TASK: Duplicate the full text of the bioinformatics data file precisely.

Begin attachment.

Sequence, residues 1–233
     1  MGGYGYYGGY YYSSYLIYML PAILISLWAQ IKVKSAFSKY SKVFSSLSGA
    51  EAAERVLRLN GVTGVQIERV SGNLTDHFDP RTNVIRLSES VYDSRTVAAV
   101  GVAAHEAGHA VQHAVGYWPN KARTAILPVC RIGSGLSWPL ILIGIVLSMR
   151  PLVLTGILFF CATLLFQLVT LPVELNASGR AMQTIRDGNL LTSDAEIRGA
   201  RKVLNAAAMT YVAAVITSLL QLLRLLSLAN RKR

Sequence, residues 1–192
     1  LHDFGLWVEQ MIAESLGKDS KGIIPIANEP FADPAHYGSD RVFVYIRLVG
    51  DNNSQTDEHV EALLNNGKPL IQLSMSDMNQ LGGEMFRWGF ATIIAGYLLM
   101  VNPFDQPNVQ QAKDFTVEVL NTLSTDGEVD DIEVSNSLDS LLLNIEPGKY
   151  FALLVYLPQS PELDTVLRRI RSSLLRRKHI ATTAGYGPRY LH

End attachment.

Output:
Sequence, residues 1–233
     1  MGGYGYYGGY YYSSYLIYML PAILISLWAQ IKVKSAFSKY SKVFSSLSGA
    51  EAAERVLRLN GVTGVQIERV SGNLTDHFDP RTNVIRLSES VYDSRTVAAV
   101  GVAAHEAGHA VQHAVGYWPN KARTAILPVC RIGSGLSWPL ILIGIVLSMR
   151  PLVLTGILFF CATLLFQLVT LPVELNASGR AMQTIRDGNL LTSDAEIRGA
   201  RKVLNAAAMT YVAAVITSLL QLLRLLSLAN RKR

Sequence, residues 1–192
     1  LHDFGLWVEQ MIAESLGKDS KGIIPIANEP FADPAHYGSD RVFVYIRLVG
    51  DNNSQTDEHV EALLNNGKPL IQLSMSDMNQ LGGEMFRWGF ATIIAGYLLM
   101  VNPFDQPNVQ QAKDFTVEVL NTLSTDGEVD DIEVSNSLDS LLLNIEPGKY
   151  FALLVYLPQS PELDTVLRRI RSSLLRRKHI ATTAGYGPRY LH